SHE’S REFERRING to a practical joke played on the festival by a man who called up to accuse Sonoma of being a “white, insular community” and ask when the inner-city rap poets would be allowed to perform. It may have been a joke, but it also seems to have touched a nerve among the organizers, who say they especially regret not having greater participation from the Mexican-American community.

“It turned out it was one of our people on the board who was just giving us a hard time,” daRosa says. “But it made us realize that we are really insular. . . . It’s a concern that I hear a lot of people talking about, even just in the greater community. How do you break down the barriers?”

Another important concern for daRosa and Ward is keeping the event free of excessive commercialization. There are no huge corporate sponsors, and the small profit made every year goes to the organizers’ favorite charity, California Poets in the Schools.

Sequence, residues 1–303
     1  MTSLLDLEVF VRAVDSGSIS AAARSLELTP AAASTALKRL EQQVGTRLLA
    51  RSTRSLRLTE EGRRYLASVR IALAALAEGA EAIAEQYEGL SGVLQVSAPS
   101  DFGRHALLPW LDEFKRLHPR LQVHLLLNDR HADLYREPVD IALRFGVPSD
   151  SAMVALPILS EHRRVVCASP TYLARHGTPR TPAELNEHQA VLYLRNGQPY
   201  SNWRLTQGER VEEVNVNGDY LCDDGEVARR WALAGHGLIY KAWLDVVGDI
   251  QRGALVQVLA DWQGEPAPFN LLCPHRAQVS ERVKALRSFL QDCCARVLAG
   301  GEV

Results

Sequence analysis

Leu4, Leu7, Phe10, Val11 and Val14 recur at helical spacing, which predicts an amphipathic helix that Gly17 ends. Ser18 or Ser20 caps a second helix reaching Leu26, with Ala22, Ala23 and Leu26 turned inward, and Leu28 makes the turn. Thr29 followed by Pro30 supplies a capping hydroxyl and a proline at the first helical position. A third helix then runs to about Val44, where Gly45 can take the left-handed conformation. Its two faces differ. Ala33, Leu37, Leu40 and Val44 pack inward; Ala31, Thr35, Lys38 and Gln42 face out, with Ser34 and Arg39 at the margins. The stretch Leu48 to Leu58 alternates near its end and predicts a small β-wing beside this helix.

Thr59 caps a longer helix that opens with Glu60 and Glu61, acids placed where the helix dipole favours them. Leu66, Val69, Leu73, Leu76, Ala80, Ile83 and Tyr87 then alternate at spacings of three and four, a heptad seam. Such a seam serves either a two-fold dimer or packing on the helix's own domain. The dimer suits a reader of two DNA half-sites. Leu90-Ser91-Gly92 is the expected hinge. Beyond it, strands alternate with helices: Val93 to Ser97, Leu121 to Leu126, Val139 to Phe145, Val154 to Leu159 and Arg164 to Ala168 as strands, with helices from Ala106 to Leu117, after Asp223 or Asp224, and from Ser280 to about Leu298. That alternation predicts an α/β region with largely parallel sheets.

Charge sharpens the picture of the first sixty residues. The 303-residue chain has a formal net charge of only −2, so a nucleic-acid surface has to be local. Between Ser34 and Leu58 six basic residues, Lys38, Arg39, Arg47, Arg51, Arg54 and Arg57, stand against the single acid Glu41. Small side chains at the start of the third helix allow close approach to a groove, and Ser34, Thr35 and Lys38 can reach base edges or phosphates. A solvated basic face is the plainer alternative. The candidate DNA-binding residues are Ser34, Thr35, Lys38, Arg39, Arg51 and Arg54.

Many of the festival participants, including daRosa and another local poet named Arthur Dawson, participate in CPITS in Sonoma Valley schools. According to Ward, the effects of the program have been astonishing.

“When Arthur Dawson walks down the street, kids run up to him,” he says. “That totally knocked me out when I first saw it. They run over to him like he was a sports coach . . . He’s engaged them in a way that makes poetry totally accessible.”

It’s that effect–poetry’s ability to make an impact on human lives–that keeps the festival organizers coming back for more. When asked to explain why the art form continues to wield its peculiar power, daRosa pauses a moment, searching for the right words.

“We don’t listen to each other very well in this culture, I don’t think,” she says finally. “But people respect poetry. They listen to it. I think it gives you a way to communicate what you have to say, a way to really be heard.”

The Sonoma Valley Poetry Festival runs from Friday, Aug. 6, to Saturday, Aug. 21, at various locations in Sonoma. The festival concludes with Poets on the Plaza on Aug. 21 from 3:30 to 9 p.m. in front of the Sonoma City Hall. For details, pick up a schedule at the Sonoma Regional Library, or call 935-POET.

From the August 5-11, 1999 issue of the Sonoma County Independent.

© Metro Publishing Inc.